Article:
What Do You Do When Your Client Would Rather Remove Your Image than Credit You?

Chasing clients to ensure I am properly credited for my work takes up more of my time than I care to admit. It’s frustrating to see my images used without due recognition, but none more so than this particular incident in which a relatively well-known musician’s team seemed to prefer removing the image from Instagram entirely, rather than simply adding my handle to the caption.

We shot the set of images in question for a magazine. On the day, the talent — who I’ve chosen not to name — seemed invested. Almost too intensely so, given that he quite frequently lifted the camera from my hands so that he could get a better look at the images, often suggesting ideas of his own. I entertained him, figuring that as irritating as it was at times, I should be grateful he cared enough to want the shots to be the best they could possibly be. We shot various clothing looks, and everyone left happy.

Upon sending over my selected images to his record label, I was asked if some could be posted immediately, to which I informed them that awaiting the magazine’s release was imperative. A couple of months passed, and it was time to release the images.

As is standard practice when sending over final images, I insisted that any pictures posted must credit both myself and the publication they were taken for. Also outlined was my policy that any social media posts must make reference to the feature, and that any images used to promote anything other than the shoot itself (a new track, gig, tour poster, etc) would be invoiced for. All’s good and well, these guys are professional and know the importance of tagging. This musician prides himself on his artistry and respects the effort that went into these pictures – I’m confident there’ll be no bumps in the road.

Except when it came to crunch time, my name was missing. The magazine received their due tag, but there was nothing in the way of photo credits. Frustrating, given that it was I who had planned the concept, booked the creative team, arranged the location, and both shot and edited the images.

Years ago, whilst still working my way into the industry, I would have kept quiet for fear of risking being blackballed, or seen as problematic. After all, many of these management types don’t seem to have an appreciation for how important being credited for your work is. As a freelancer, many of my jobs come from word of mouth after all. But after years of battling to receive the credit I rightly deserve, I decided to reach out to the artist’s record label again.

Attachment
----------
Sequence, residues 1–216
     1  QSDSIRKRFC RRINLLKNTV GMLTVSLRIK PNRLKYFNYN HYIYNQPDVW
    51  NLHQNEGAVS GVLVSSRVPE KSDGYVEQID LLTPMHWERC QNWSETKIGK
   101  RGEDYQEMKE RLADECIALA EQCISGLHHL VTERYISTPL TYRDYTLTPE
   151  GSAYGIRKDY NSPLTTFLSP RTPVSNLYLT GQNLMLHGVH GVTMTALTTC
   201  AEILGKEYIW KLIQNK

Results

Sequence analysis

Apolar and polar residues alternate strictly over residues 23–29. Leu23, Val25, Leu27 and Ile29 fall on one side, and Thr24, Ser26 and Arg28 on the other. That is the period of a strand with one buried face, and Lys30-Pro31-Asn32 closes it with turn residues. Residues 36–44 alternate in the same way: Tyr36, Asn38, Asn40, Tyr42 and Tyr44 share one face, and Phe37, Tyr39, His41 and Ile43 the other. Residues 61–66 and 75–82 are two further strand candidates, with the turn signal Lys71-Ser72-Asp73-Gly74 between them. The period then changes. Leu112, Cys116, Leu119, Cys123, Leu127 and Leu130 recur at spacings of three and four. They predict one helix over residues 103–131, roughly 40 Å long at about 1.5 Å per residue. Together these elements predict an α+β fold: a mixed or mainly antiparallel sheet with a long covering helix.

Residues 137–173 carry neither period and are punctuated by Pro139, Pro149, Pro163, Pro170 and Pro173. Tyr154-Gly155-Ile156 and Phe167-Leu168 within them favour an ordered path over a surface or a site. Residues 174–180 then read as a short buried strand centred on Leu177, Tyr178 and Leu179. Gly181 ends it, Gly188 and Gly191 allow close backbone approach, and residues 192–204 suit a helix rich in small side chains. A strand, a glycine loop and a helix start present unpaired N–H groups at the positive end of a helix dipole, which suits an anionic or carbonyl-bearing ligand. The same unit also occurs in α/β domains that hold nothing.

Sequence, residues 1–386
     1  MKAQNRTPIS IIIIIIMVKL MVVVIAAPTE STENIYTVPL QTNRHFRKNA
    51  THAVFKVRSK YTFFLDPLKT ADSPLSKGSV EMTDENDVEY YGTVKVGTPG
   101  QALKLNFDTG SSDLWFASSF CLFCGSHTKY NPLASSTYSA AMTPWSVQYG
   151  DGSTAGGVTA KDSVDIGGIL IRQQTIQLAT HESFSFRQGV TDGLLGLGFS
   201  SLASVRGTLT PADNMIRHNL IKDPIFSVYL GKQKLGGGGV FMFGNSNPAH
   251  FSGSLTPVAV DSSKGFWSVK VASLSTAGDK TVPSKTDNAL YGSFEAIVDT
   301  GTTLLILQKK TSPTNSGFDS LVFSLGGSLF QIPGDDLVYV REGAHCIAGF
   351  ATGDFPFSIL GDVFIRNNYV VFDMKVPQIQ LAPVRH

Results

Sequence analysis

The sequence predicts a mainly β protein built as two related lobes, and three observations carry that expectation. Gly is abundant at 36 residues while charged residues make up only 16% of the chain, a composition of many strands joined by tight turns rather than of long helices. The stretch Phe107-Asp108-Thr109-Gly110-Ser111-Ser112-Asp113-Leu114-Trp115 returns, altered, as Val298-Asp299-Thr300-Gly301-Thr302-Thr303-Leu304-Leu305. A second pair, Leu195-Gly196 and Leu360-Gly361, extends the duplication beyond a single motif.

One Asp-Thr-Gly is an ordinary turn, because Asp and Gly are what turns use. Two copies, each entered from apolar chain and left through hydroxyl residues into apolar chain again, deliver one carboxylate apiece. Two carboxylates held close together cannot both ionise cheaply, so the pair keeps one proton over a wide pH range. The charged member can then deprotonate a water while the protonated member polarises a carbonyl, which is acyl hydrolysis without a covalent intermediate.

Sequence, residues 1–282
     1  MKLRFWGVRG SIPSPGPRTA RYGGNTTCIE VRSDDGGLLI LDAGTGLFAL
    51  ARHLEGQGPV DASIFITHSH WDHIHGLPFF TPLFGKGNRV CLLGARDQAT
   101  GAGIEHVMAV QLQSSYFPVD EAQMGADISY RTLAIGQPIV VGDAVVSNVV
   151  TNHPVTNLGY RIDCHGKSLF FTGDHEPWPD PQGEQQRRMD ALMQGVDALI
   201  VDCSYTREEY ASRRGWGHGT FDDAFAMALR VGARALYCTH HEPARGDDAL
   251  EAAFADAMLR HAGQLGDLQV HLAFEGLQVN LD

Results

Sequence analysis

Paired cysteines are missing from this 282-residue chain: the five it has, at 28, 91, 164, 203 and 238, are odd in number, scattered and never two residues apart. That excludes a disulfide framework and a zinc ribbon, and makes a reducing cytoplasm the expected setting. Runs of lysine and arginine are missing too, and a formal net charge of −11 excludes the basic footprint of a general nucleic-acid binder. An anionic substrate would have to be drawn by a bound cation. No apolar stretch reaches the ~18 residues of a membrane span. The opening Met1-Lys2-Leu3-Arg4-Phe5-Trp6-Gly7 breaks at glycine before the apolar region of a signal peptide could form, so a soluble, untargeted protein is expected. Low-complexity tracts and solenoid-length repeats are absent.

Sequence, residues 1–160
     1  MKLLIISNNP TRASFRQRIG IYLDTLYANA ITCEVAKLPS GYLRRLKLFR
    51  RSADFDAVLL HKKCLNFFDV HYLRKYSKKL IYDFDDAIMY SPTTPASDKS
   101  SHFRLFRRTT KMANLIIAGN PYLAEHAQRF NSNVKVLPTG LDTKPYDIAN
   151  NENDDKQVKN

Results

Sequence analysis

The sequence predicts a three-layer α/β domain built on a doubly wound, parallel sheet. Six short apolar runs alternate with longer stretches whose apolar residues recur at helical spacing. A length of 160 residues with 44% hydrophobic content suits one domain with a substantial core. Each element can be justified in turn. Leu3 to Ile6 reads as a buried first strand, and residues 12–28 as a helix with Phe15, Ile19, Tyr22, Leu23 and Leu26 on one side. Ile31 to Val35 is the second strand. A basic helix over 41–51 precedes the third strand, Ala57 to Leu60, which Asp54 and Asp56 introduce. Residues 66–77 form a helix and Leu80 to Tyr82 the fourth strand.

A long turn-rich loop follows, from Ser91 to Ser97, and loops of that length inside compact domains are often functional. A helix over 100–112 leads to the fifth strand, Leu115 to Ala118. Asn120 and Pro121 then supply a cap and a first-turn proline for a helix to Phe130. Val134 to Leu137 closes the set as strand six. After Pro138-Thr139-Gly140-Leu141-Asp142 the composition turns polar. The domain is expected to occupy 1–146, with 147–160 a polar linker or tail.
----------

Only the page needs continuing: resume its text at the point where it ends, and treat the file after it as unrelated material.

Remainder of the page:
My initial email took several days, as well as a chaser, to get a response. Needless to say that by then, the impact and any subsequent buzz around the post had largely diminished. When the response from the label came, I was surprised. It read:

We didn’t agree on this being a stipulation. I did however asked him to tag you originally. If you’d like I can tell him to take it down [sic].

I replied, making reference to my initial email. Accompanying the high-res download link was a clearly worded message insisting that tagging on social pages was essential. I then received this:

I’ve flagged this with management. I understand your frustration on this but I’m doing my best to get it deleted or changed.

I couldn’t get my head around the notion that deleting the post was a more logical conclusion to them than simply adding my name. It felt spiteful somehow, given that I was more than happy for the post to remain on the artist’s page; of course, I want my work to be seen.

At the time of writing, the post remains live, with over 200,000 likes and with my tag nowhere to be seen. It’s a sad and confusing state of affairs when an artist – someone who is seemingly integral about creating art, and respecting that of others – shows such a blatant disregard for my work. It feels disrespectful; after all, we were all part of a team that were working together with the same goal.

No photographer should have to feel like a nuisance, or as if they’re hassling clients and souring relationships, in order to simply be credited for the work they spent weeks planning, prepping, and perfecting. The industry needs to do better.

Do you insist clients credit you on social media? When your images are used without credit, what’s your usual approach?

Lead image credit: Jakob Owens on Unsplash.



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